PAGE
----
|Tom and Jerry series|
reissue title card
|Produced by||Fred Quimby|
William Hanna (unc.)|
Lillian Randolph (original version)|
Thea Vidale (dubbed version)
|Music by||Scott Bradley|
|Release date(s)||February 26, 1949|
|Preceded by||Mouse Cleaning|
|Followed by||The Little Orphan|
Polka-Dot Puss is a 1949 one-reel animated cartoon and is the 39th Tom and Jerry short produced in 1948 and released on February 26, 1949. The short was directed by Tom and Jerry's creators, William Hanna and Joseph Barbera, produced by Fred Quimby, animated by Kenneth Muse, Ed Barge, Ray Patterson and Irven Spence, and scored by Scott Bradley, who here did an early version of the duo's recognizable iconic theme tune that would continue to be used in their cartoons throughout the 1950s and 1960s.
|This article's plot summary may be too long or excessively detailed. (February 2010)|
Tom is using Jerry as a yo-yo. Tom then hears Mammy-Two-Shoes telling him that it is time to put him out for the night. Noticing that the weather outside is rather unpleasant and hearing Mammy say that if she stood in the draft she'd "catch her death of cold", Tom craftily fakes a cold, pretending to sneeze violently. Mammy asks if Tom has a cold. Tom nods and sneezes again. Mammy has a change of heart and allows Tom to sleep inside for the night, but gives the cat a stern warning that she'd wash his mouth with soap if he was lying. Tom grabs an onlooking Jerry, who appropriately shoves a bar of soap in Tom's mouth. Tom spits out a multitude of soap bubbles and chases Jerry into his mousehole, but ends up with a mousetrap on his nose. When he takes it off, his nose rolls like a window shade.
Tom prepares to sleep on the living room floor, nose bandaged up. While Tom is asleep, Jerry enters the room with a small pot of red paint, painting several polka dots on his face after removing the bandage on Tom's nose. When Tom wakes up, Jerry convinces him that he has measles, showing evidence of a nationwide measles epidemic in the newspaper, and producing a mirror, showing Tom his own spotty reflection.
Jerry consults Dr. Quack's medicine book and does a number of unorthodox treatments to the now hypochondriacal cat, such as placing a stethoscope next to a ticking alarm clock to intensify Tom's apparent heartbeat and setting off the alarm shortly afterwards or testing Tom's reflexes by almost bludgeoning the cat with a hammer or shoving a thermometer in Tom's mouth, where (out of Tom's view), Jerry holds a cigarette lighter underneath the thermometer, causing the temperature to rise, expanding the thermometer, such that it explodes.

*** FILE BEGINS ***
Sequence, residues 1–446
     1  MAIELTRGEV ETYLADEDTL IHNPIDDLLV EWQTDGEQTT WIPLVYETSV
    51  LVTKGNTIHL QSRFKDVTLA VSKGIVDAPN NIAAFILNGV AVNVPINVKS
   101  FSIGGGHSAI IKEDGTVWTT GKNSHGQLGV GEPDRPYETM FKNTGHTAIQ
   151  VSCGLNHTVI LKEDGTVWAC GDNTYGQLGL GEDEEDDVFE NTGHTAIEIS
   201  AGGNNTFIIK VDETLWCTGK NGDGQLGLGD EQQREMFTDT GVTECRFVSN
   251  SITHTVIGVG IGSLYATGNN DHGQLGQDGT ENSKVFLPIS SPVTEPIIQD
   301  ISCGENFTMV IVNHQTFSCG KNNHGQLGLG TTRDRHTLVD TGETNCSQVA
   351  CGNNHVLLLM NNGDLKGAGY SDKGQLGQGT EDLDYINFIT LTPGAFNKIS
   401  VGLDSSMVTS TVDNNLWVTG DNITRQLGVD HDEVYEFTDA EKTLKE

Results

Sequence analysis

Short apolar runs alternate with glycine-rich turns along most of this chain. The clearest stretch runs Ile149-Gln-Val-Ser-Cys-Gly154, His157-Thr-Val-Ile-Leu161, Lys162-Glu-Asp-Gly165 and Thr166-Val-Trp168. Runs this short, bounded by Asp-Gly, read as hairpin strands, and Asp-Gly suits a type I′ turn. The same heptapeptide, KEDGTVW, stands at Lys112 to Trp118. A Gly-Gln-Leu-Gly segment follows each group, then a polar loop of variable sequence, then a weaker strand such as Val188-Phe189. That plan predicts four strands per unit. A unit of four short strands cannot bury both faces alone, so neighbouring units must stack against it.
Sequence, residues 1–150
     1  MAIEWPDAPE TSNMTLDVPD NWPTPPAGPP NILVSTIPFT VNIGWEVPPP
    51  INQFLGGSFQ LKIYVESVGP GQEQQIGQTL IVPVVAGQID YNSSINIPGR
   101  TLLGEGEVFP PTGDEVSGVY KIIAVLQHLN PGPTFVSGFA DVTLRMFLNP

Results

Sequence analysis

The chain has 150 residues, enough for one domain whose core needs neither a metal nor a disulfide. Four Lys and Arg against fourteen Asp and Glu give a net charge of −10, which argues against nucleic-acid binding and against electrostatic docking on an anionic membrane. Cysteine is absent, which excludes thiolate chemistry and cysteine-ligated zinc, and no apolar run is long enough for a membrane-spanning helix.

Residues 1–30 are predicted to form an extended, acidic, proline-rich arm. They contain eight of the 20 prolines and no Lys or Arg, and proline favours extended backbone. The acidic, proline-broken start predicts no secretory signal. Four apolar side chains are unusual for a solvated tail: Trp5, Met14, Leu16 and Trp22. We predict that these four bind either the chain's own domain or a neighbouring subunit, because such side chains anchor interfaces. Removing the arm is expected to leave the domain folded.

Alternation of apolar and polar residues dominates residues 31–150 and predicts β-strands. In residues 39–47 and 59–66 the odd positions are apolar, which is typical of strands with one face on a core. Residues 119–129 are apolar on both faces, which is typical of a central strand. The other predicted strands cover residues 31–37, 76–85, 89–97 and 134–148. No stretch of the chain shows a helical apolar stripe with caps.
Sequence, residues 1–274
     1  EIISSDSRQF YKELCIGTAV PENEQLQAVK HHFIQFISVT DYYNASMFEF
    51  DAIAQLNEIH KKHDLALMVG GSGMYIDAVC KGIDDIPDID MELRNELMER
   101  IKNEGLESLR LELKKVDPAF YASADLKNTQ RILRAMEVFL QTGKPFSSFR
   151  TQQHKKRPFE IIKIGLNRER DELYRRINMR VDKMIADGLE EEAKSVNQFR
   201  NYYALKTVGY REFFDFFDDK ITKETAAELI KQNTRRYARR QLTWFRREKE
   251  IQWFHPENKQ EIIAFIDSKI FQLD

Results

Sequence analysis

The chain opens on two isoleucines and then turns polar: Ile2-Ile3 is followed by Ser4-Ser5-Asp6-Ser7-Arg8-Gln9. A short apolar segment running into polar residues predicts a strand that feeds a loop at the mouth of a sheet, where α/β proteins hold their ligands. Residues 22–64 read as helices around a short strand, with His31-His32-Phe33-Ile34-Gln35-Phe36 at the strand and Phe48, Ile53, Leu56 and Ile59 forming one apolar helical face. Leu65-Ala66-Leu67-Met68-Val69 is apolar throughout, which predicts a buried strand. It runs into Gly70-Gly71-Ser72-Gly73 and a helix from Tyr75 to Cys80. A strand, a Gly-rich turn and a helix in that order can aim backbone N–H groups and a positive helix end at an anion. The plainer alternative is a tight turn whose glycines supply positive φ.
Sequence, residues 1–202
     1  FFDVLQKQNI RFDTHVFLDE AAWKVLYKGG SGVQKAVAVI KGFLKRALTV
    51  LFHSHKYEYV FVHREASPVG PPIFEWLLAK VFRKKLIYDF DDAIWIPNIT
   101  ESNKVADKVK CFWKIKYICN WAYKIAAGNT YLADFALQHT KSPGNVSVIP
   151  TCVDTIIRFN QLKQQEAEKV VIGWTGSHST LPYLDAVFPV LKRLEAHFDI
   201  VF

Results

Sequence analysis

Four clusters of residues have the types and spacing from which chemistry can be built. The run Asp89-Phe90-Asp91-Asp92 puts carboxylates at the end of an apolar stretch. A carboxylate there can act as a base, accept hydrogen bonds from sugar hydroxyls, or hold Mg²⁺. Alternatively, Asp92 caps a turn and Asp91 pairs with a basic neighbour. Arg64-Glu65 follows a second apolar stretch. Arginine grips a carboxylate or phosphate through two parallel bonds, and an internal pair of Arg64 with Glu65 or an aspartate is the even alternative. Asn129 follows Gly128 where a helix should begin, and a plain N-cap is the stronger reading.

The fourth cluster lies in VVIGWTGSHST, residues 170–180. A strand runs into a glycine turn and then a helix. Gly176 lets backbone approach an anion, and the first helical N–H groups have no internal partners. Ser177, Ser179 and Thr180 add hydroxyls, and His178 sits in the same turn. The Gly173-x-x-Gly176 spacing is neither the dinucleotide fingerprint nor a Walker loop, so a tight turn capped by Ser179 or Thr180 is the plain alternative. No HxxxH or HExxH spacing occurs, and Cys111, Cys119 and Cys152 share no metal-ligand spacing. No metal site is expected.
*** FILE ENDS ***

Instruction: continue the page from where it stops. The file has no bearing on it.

The next chapter of the medical book urges Jerry to apply chills to Tom's high fever. Soon Tom is in the freezer, teeth chattering. Jerry unloads a spoonful of ice-cubes into Tom's mouth and then closes the freezer door for a few seconds. As he opens the door, a frozen-solid Tom slides out of the freezer. Jerry panics and following the book's advice on extreme chills, shoves Tom into the oven, turning it onto a low temperature. Opening the oven door, Tom is now conscious, but still very cold, and baking in his own juices. Jerry pours some juice over Tom and then closes the door, adjusting the oven's temperature. When he opens the door again, Tom is bright red and burning. Jerry quickly touches the hot cat and burns himself. Thinking quickly, he places Tom onto a baking tray and heads for the bathroom, giving the cat a cold shower.
Tom later emerges from the shower, covered in towels and using hot-water bottles as sandals. He observes himself in the mirror, and notices that most of his spots have gone. As he wipes his forehead, the final two spots are removed and transferred to his paw. Just then, Tom sees a small jar of red paint hidden in the corner, and realization dawns on him; his mirror image changes to a jackass. Tom, after realizing that he was tricked, becomes furious and grabs a sword, ready to get back at Jerry. He finds the mouse sitting hunched-up with head in hands, looking very depressed somehow and Jerry only blinks at Tom apathetically when prodded with the sword's keen point. Only when Tom snatches him up does Jerry break out in genuine measles spots, which proliferate before Tom's horrified gaze. Tom quickly dashes to the bathroom and wash his hands and then doses himself frantically with everything he can find from the medicine cabinet (throat sprays, pills, mouthwash, nasal drops, etc.), while a sped-up version of George Frideric Handel's Death March plays over.
By the end of the cartoon, both the cat and mouse are covered in spots from head to foot and are being quarantined by Mammy Two Shoes herself. Tom pouts and glares at Jerry for the situation they're in, then Jerry holds up a mirror and sticks out his tongue, which, too, is covered in spots, which may also imply that Jerry got a more severe case of the measles than Tom did. After he sees this, Jerry leans near the window.
On the Arabic channel Spacetoon, the part where Tom turns into a jackass after realizing he's been tricked into thinking he has measles was cut.
- Tom and Jerry's Greatest Chases, Vol. 4
- Tom and Jerry Spotlight Collection Vol. 2, Disc One